Based on work from NABSA’s Research and Data Committee, this blog provides insights into the different options for creating a more seamless transportation ecosystem.
With the inclusion of new topics developed by the R&D Committee, the 2021 Shared Micrombility State of the Industry Report featured a new section that provides insights into the roles and relationships associated with integrating shared micromobility with public transit. The report indicated that more than half of transit agencies are involved in micromobility station planning, and 37% of transit agencies co-promote or co-market shared micromobility alongside their services.
Additionally, 63% of riders reported that they use shared micromobility to connect to transit; 19% say they use it weekly to connect to transit and 18% of all shared micromobility trips were for the purpose of connecting to transit.
Transit Agency Perspectives on Integrating with Shared Micromobility
The R&D Committee’s interest in digging deeper into the topic of transit integration with shared micromobility led them to develop a supplemental survey specifically for transit agencies, which was distributed in 2022. The purpose of this survey was to gain a better understanding of transit agencies’ perspectives on integrating with shared micromobility and to serve as a tool to continue building strong relationships with transit.
The survey was distributed to transit agencies via email and at in-person events capturing responses from agencies that were already working with shared micromobility partners or planned to in the future. The survey received 18 responses from agencies in the United States and Canada. Major themes within the survey results were:
The ways that agencies currently or plan to interact with micromobility services are diverse. Often we think of integration between shared micromobility and transit as payment integration, however, the scene is much broader. Integration types range from payment to operations, branding, and marketing to planning and locations, and much more.
With bike share, e-bikes are popular vehicles for interaction. Out of those surveyed, over 60% interact with e-bikes and over 90% are interested in working with e-bikes in the future. This is on trend with the growing popularity of e-bikes and suggests a promising future for transit and e-bike integration.
There is significant interest in working on payment integration between transit and shared micromobility. Most agencies surveyed would like to see more integrated payment between shared micromobility and transit, which indicates a future of continued development of payment integration types.
The biggest challenge is finding the sweet spot where capacity and funding align. Of those surveyed, limited funding, capacity, and procurement challenges represent the largest barriers to integrating the two modes.
In order to help facilitate further conversation and collaboration between transit and shared micromobility, below are some ways to think about the different options for how shared micromobility and transit can integrate and work together towards a more seamless transportation ecosystem for users.
Co-location– locating shared micromobility near other public transportation options– is important for creating more access to transportation and mobility options for communities. It facilitates first/last mile connections for transit trips and multimodal trips and can encourage replacing trips that would otherwise be made by car. Transit providers can coordinate and partner with shared micromobility to plan and place stations or hubs.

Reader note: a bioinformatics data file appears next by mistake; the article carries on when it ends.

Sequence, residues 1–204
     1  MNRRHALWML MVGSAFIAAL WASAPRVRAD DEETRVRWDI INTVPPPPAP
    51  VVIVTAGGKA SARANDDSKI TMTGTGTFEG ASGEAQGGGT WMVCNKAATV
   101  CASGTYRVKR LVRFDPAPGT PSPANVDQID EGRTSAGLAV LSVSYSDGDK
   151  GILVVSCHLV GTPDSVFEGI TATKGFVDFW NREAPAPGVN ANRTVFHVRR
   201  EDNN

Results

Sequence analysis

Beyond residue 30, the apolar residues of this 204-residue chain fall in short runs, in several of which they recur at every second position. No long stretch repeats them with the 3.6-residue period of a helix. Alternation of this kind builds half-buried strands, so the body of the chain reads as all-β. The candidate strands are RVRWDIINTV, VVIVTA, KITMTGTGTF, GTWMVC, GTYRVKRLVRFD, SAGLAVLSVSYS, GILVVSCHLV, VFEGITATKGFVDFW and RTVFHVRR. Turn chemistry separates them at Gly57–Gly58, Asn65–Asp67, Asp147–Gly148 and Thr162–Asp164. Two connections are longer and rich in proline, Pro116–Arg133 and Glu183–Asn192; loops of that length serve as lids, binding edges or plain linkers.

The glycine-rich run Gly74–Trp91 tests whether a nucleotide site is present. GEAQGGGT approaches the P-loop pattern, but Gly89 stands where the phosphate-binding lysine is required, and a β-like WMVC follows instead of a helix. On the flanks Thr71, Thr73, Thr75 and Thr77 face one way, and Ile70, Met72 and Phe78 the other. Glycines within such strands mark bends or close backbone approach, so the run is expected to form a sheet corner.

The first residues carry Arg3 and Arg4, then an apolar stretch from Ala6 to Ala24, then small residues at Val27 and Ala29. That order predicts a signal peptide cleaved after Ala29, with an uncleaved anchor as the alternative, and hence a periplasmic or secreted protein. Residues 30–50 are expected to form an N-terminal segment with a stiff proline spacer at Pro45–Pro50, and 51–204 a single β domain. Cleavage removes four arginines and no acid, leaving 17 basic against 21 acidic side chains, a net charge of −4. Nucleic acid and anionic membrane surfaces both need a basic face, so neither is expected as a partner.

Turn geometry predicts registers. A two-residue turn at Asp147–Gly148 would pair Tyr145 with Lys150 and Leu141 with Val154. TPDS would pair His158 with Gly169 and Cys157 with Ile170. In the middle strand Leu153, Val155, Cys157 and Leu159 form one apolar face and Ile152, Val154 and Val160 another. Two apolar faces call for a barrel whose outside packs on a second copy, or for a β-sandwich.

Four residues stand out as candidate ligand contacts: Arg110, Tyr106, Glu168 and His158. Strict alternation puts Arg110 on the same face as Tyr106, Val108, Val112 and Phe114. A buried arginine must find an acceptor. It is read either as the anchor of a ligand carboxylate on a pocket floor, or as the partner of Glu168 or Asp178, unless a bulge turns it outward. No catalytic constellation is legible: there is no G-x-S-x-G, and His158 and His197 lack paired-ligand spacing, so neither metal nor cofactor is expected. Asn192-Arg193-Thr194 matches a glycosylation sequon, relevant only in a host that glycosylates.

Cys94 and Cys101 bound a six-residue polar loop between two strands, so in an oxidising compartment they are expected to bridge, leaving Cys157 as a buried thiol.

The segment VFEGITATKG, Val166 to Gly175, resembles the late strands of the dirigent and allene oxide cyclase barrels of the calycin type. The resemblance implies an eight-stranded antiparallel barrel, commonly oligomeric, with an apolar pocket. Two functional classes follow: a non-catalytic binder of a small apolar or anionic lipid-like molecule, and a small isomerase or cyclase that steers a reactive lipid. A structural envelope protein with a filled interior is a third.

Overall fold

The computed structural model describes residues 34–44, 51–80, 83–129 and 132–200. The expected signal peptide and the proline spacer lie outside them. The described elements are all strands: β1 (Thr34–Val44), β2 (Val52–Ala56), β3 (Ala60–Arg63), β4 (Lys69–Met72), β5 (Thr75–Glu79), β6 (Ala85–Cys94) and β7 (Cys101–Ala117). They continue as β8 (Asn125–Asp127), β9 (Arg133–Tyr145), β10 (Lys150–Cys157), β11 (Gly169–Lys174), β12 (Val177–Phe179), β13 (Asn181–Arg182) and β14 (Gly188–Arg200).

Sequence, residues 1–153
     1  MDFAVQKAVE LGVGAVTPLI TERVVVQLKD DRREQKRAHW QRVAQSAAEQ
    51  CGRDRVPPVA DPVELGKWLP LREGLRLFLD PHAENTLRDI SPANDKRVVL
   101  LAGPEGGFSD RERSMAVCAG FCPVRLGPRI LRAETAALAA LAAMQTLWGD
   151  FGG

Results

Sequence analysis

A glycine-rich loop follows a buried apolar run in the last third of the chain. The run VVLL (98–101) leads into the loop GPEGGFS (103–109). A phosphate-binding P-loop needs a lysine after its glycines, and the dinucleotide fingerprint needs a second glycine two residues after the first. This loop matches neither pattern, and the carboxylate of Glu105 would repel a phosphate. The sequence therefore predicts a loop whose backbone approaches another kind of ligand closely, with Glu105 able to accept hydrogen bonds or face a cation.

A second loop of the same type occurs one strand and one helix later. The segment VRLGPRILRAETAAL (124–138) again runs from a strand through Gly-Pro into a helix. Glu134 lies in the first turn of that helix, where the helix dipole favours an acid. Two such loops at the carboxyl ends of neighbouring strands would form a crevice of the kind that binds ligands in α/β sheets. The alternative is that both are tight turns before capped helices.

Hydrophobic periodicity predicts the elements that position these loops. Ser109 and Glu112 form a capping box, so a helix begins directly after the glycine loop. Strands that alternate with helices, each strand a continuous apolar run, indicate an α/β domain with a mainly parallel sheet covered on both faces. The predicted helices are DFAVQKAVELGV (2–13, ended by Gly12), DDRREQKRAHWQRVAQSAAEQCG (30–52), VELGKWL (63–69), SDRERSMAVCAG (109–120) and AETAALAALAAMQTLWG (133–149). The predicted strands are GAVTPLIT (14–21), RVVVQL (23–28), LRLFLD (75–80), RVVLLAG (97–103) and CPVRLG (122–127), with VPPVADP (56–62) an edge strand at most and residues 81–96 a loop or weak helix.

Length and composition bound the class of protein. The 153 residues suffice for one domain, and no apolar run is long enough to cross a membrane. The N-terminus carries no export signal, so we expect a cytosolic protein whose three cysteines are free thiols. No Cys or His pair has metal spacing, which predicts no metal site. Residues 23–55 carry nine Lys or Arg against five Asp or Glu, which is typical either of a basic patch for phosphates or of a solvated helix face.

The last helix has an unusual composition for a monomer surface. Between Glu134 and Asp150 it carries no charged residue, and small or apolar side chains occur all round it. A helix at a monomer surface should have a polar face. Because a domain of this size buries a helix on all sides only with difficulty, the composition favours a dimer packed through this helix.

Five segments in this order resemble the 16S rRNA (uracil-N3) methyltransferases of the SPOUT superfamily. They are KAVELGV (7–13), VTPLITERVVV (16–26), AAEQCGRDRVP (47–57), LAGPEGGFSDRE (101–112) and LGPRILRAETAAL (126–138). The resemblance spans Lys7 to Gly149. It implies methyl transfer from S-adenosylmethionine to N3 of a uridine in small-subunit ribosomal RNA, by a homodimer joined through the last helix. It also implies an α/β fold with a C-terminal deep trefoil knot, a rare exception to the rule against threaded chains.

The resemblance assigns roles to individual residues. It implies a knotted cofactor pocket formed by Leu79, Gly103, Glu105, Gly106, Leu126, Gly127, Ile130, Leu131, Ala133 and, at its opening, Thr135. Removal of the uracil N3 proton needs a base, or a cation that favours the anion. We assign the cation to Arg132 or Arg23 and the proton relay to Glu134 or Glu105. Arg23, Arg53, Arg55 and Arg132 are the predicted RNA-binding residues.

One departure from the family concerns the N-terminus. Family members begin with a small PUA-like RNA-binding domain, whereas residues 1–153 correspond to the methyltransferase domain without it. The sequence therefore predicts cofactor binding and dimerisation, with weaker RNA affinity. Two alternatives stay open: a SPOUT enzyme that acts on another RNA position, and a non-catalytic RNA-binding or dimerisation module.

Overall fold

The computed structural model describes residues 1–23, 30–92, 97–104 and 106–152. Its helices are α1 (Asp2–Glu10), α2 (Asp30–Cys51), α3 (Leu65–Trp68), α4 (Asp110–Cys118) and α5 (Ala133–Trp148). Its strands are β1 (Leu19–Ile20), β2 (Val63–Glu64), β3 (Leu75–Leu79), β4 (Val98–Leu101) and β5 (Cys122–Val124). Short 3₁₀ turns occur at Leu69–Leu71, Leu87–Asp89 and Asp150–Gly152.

Bike sharing and scooter sharing information, such as device location and availability, or even trip-chaining options between modes, can be integrated into trip-planning apps. This allows users to see and choose the best option for their journey and purpose. It can also help seamlessly provide alternate options when there are transit service disruptions and add redundancy and resilience to the transit network.
Transit and shared micromobility providers can work together to establish payment methods, utilizing cards or apps. This way users can pay for all of their public transportation modes in one place or through a seamless pathway between one service and another.
Some shared micromobility services are operated in partnership with transit agencies or are contracted through transit agencies. This can look like a transit agency being a partial or full funder of a program and/or having people on staff whose role it is to coordinate between transit and micromobility services. Sometimes this also results in shared branding.
Shared micromobility is an important part of the public transportation ecosystem. As a flexible transportation option with comparatively low overhead and operations costs, shared micromobility can complement higher-volume, fixed-route transit services by offering mobility services for many trips at a lower per traveler cost.
Current transit and shared micromobility partnerships demonstrate that integration is not a dream but a reality with important implications and benefits for communities. As we seek to build better transportation networks for the future, coordination, collaboration, and integration between traditional transit and shared micromobility will help connect residents to goods, services, and jobs, and create a more equitable and sustainable transportation ecosystem.
This article was originally published on the North American Bikeshare and Scootershare Association’s website. NABSA is a nonprofit organization dedicated to providing resources, education, and advocacy for the shared micromobility industry, and to creating spaces for the industry’s public, private, and nonprofit sectors to convene and empower each other.